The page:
Fact Check

Conception Myths

Gals can't become pregnant the first time they have sex, and other conception myths

Published May 28, 2001

Claim:   Gals can't become pregnant the first time they have sex.

Status:   False.

Origins:   It would be wonderful if not getting pregnant were simply a matter of applying the right bit of folk wisdom at the right

Pregnant woman

time — if that were the case, no one would have to bother with formal birth control and abortion would be naught but a faintly remembered relic of the distant past. Yet that's not the way of it, and our oddball beliefs about surefire ways to sidestep conception are no more effective at accomplishing that goal than is wishing on a star when we look to win the lottery.

Teens are especially vulnerable to these canards because their need to believe is greater. Theirs is a time of growing sex drive coupled with societal pressure both to pair off but to not get all hot and steamy with the ones they've fallen for. "You can't get pregnant if ..." factlets appear to offer protection against lasting negative effects should they engage in intercourse, thus they are fervently clung to.

The following wild beliefs are as old as the hills. Yes, the current crop of teenagers look to them for protection, but numerous previous generations placed their faith in them too. Many a sedate matron of today has in her younger days 7-Up'd after a session of beach blanket bingo.

  • You can't get pregnant if it's your first time.
  • Jumping up and down immediately after intercourse will prevent conception.
  • Douching with Coca-Cola or 7-Up will kill whatever sperm the process doesn't wash away.
  • It's impossible to get pregnant if you have sex during your period.
  • After intercourse, a hot bath or a heating pad on the stomach prevents conception.
  • As long as neither party takes off their underpants, no babies will result.
  • Taking 20 Aspirin right after will halt conception from taking place.
  • Provided you do it standing up or with the girl on top, the sperm will never reach the egg.
  • As long as he pulls out before he ejaculates, no sperm will be loosed inside the girl.
  • Sneezing after sex prevents pregnancy.

As much as teens would like to believe otherwise, there is no magic formula, no special act of voodoo, they can perform to prevent conception. It all comes down to a matter of fertilized egg successfully implanting; if that happens, a gal becomes pregnant.

Taking them one at a time:

  • You can't get pregnant if it's your first time.

    Oh yes you can. There's no magical protection offered by it being the gal's or the guy's first time — that's merely wishful thinking based on the notion that one's first time is "special" and thus shielded by benevolent forces. The bottom line is far less romantic — if the gal is ovulating at the time of her first experience with intercourse, she could become a Mom nine months later. Equally, a gal can become pregnant even before she's had her first period — if her first ovulation coincides with an act of intercourse, she could well be buying diapers before she's had to buy sanitary pads or tampons. And yes, this has happened.

  • Jumping up and down immediately after intercourse will prevent conception.

    The average ejaculate contains 300 million sperm in about 5 ml of fluid, and each of them is doing its best to swim towards the uterus. Jumping up and down isn't going to dislodge more than the tiniest number of them — millions upon millions will continue to swim on, intent upon fulfilling their purpose.

  • Douching with Coca-Cola or 7-Up will kill whatever sperm the process doesn't wash away.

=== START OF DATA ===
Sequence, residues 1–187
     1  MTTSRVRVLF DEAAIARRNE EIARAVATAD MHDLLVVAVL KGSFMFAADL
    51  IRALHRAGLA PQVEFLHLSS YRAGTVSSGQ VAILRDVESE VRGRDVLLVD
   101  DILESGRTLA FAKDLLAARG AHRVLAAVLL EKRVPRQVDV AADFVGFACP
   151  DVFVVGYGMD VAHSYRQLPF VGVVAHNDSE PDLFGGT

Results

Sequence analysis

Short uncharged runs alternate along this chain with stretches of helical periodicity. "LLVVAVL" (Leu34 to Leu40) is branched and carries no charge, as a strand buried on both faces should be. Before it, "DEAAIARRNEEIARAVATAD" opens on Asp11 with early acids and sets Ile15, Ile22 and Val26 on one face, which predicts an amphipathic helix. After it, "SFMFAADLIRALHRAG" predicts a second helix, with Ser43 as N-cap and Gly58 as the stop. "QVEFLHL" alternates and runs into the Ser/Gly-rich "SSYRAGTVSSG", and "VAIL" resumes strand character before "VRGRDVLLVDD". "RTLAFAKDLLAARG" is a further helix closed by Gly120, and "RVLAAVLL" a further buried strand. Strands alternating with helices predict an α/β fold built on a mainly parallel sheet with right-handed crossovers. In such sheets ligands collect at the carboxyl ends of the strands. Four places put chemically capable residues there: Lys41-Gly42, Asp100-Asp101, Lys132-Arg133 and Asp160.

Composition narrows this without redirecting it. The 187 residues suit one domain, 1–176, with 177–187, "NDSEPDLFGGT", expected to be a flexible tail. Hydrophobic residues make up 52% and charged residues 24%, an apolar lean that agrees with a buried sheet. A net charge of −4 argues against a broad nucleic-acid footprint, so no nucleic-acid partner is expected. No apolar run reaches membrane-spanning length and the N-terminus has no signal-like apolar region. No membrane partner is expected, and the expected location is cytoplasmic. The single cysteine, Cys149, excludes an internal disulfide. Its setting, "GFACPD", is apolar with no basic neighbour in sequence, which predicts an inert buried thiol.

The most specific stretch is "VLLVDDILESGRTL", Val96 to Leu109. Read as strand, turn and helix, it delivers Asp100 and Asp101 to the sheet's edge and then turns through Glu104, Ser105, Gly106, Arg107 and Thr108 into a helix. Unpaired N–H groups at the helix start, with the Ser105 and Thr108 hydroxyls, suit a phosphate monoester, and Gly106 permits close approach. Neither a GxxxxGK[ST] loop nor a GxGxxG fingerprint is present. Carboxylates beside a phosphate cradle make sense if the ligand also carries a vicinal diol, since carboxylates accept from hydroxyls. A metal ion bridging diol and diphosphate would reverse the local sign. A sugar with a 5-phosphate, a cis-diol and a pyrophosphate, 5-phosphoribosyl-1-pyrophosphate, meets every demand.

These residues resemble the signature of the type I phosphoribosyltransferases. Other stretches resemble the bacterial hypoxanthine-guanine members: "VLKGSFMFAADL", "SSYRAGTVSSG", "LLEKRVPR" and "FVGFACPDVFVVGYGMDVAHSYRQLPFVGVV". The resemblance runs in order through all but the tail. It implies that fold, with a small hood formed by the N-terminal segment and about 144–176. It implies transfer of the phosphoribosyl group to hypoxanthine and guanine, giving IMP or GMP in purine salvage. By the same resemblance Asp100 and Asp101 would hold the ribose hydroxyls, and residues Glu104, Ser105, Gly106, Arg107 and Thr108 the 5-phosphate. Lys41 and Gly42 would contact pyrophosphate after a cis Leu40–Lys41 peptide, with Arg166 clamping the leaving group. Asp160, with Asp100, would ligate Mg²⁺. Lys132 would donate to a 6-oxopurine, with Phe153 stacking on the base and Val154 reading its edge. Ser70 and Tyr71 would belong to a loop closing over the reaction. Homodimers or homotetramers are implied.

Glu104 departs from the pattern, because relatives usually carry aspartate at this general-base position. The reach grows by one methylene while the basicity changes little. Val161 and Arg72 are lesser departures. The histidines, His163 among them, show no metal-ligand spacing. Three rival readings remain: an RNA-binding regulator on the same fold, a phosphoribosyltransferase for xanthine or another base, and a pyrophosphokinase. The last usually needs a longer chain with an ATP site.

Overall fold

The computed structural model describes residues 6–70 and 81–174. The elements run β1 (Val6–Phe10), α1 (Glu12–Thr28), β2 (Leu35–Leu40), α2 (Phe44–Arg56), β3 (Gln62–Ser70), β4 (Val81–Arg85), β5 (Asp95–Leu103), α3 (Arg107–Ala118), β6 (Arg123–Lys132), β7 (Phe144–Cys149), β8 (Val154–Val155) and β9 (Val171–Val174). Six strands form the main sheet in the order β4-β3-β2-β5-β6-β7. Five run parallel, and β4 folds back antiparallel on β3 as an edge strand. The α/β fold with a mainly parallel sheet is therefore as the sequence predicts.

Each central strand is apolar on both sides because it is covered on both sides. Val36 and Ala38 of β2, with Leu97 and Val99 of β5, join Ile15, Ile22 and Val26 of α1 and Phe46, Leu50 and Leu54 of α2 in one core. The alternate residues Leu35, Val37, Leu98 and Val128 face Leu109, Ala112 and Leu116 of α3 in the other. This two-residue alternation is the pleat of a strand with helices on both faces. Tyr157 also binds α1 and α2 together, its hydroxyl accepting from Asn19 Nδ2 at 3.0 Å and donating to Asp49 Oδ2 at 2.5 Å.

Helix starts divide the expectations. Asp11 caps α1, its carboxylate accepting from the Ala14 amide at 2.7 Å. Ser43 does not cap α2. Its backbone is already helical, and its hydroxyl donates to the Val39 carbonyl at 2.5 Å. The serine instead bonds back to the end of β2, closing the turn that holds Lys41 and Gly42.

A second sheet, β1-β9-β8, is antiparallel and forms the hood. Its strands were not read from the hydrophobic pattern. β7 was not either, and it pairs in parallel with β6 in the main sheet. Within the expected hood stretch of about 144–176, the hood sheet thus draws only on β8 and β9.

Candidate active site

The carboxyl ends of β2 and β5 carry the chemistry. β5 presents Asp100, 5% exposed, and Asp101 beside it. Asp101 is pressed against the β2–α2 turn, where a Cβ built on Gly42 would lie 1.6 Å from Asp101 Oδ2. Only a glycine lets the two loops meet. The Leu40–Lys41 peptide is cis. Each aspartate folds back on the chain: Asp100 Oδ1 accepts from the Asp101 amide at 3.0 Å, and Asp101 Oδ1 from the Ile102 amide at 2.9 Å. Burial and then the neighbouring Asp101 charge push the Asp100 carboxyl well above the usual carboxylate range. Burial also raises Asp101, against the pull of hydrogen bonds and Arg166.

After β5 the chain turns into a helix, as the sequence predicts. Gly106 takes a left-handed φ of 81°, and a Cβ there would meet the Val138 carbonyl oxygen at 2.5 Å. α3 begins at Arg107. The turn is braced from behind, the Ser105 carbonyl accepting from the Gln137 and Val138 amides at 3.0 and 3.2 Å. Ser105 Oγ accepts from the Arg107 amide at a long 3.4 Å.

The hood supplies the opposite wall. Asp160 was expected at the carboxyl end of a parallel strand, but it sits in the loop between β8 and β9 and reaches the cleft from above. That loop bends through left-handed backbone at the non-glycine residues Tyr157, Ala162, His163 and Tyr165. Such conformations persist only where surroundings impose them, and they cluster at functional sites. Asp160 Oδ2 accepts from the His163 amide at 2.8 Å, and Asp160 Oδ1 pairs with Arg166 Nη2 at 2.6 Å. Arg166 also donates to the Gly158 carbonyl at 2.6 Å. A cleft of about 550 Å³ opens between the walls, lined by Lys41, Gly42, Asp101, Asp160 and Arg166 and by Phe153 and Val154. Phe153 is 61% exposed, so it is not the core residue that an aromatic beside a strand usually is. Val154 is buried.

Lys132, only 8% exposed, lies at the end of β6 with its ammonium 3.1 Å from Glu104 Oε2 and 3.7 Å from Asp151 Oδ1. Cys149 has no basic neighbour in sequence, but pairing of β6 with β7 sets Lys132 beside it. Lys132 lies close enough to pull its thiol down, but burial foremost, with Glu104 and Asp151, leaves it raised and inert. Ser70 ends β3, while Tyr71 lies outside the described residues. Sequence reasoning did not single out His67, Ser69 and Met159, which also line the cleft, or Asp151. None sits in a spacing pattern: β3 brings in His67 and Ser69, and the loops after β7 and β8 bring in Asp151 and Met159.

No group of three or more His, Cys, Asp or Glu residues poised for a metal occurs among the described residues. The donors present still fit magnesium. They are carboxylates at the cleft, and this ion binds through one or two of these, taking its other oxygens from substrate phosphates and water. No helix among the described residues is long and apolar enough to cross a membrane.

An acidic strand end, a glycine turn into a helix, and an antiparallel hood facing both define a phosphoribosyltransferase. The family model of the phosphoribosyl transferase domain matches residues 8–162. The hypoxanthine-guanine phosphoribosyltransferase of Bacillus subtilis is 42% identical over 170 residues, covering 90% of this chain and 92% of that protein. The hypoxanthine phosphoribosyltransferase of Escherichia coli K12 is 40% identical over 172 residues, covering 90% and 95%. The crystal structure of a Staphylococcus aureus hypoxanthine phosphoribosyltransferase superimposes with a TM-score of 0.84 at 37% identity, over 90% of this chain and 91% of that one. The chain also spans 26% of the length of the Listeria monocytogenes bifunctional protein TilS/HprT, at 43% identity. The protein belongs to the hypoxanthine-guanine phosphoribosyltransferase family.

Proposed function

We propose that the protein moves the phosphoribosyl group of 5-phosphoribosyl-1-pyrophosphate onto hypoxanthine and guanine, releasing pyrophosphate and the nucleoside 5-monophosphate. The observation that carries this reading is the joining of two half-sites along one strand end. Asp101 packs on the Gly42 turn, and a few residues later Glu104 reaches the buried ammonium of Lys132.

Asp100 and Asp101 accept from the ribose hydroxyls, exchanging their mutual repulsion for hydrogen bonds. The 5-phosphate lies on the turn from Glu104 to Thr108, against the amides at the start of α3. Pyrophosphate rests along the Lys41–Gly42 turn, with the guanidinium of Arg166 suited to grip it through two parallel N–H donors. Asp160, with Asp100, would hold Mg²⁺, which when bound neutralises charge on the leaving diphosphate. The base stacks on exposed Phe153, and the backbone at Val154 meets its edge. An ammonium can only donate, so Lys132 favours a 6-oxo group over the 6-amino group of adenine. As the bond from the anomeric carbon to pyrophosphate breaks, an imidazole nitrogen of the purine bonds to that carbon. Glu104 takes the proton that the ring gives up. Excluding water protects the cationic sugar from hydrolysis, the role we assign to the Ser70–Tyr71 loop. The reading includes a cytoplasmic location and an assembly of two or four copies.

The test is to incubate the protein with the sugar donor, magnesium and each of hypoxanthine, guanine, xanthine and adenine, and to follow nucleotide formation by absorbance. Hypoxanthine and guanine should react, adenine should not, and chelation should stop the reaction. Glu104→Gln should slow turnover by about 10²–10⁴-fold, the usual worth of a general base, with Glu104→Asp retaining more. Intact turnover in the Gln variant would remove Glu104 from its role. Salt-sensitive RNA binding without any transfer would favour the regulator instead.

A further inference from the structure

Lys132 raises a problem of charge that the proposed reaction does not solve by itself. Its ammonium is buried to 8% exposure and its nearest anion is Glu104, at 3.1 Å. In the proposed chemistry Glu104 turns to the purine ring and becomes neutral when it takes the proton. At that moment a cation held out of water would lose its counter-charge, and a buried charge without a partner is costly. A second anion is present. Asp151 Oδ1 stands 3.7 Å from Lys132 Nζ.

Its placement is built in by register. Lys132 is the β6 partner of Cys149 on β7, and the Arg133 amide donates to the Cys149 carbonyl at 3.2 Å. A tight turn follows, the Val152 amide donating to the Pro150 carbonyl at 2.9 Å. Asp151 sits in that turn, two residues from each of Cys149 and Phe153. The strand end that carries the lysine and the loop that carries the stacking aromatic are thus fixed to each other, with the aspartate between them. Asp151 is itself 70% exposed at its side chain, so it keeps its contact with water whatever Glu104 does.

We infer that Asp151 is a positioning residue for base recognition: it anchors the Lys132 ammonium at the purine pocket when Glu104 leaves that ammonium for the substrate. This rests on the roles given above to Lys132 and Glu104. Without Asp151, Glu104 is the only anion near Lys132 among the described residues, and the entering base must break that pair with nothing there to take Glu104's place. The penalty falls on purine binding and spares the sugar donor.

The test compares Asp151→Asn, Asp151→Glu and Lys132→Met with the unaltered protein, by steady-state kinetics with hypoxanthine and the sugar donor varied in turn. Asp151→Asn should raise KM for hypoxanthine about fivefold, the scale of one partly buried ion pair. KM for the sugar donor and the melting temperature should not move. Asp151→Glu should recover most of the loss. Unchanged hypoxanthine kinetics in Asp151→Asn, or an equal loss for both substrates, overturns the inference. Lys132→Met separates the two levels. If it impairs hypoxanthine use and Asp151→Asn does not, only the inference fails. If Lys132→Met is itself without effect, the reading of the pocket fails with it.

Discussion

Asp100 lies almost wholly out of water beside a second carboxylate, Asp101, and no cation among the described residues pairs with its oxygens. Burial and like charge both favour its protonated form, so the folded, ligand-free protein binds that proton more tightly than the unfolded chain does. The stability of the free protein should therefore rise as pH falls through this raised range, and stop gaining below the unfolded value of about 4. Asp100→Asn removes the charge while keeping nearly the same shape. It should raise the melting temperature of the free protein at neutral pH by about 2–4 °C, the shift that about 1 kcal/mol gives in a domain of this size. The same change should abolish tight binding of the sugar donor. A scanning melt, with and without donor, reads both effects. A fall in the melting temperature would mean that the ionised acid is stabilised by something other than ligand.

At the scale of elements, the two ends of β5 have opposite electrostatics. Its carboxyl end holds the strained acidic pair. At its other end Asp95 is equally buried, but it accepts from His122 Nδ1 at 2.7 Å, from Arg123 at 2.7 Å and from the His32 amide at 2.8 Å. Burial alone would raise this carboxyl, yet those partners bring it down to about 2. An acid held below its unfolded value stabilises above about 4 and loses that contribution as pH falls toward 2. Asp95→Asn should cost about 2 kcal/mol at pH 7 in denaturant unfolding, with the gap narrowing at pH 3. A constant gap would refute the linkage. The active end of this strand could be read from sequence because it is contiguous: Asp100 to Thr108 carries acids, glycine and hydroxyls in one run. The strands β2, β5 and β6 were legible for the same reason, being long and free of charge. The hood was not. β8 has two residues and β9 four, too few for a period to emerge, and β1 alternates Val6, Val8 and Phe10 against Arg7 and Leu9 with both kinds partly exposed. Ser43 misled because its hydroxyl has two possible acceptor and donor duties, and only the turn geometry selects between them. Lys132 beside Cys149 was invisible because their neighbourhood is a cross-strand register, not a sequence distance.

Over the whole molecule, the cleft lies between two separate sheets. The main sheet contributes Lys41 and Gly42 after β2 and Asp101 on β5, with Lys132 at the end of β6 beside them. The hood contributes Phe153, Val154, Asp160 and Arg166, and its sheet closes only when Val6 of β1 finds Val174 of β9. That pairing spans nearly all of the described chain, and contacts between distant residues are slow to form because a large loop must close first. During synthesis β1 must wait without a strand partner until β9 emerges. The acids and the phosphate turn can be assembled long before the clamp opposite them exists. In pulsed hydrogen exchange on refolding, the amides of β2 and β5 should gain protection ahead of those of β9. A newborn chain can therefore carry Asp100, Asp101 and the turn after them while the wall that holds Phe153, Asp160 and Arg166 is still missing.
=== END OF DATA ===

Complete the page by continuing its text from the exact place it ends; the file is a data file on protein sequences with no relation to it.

Douching with anything isn't all that effective at preventing conception, and there's nothing special in this regard about soft drinks. Their various chemicals and flavorants do not amount to a spermicide, neither does the beverage's carbonation result in a fizzy and effective vaginal wash. Moreover, using in this fashion soft drinks that contain sugar or corn syrup can lead to a vaginal yeast infection, a nasty little condition that can take ages to clear up.

    A related myth of the "rinse your troubles away" variety asserts that urinating right after sex will wash out semen that has been ejaculated in the vagina. There is an additional problem with this theory over and above the fact that douching with anything doesn't work all that well; urine empties from the urinary tract, not the vagina, thus the urine stream doesn't travel the route the sperm is taking. This method is akin to washing your neighbor's window when you want to see better out of your own.

  • It's impossible to get pregnant if you have sex during your period.

    Because menstrual cycles are often unpredictable and erratic, especially in adolescence, there are no absolutely "safe" days when someone can have sex without any possibility of pregnancy.

  • After intercourse, a hot bath or a heating pad on the stomach prevents pregnancy.

    Belief in this one stems from half-remembered knowledge that heat kills sperm. That's true provided we're talking about zapping a small amount of sperm with a large amount of heat. A warm bath or a heating pad isn't going to do anything in this regard.

  • As long as neither party takes off their underpants, no babies will result.

    If that were true, condoms would be made of cotton. Although teens may feel as long as a barrier of any sort keeps genitals from having direct contact with each other that what's going on doesn't really count, sperm don't subscribe to that view — they've a job to perform, and symbolic barriers mean nothing to them.

  • Taking 20 Aspirin right after will stop conception from taking place.

    In a word, no. Aspirin doesn't have any effect on sperm or on the implantation process. Likewise, drinking a Coke and downing three Aspirin ahead of time or having the fellow swallow a birth control pill prior to getting up close and personal with him isn't going to prevent conception. All of these old wives' tales stem from the belief that medicine — any medicine — is a magic bullet that will mysteriously work on whatever ails you.

  • Provided you do it standing up or with the girl on top, the sperm will never reach the egg.

    The sperm are exerting themselves with much more force than gravity is applying against them. More simply, this won't work — the effect of gravity on swimming sperm is negligible.

  • As long as he pulls out before he ejaculates, no sperm will be loosed inside the girl.

    Although most of sperm is contained in the ejaculate, some ends up in the lubricating fluid that secretes from the head of the penis during the sex act. Remember, we're talking hundreds of millions of sperm in any one instance of ejaculation, thus even a drop or two of this lubricating fluid can be more than enough to make a gal a parent many millions of times over.

    According to Planned Parenthood, "Of every 100 women whose partners use withdrawal, 19 will become pregnant during the first year of typical use."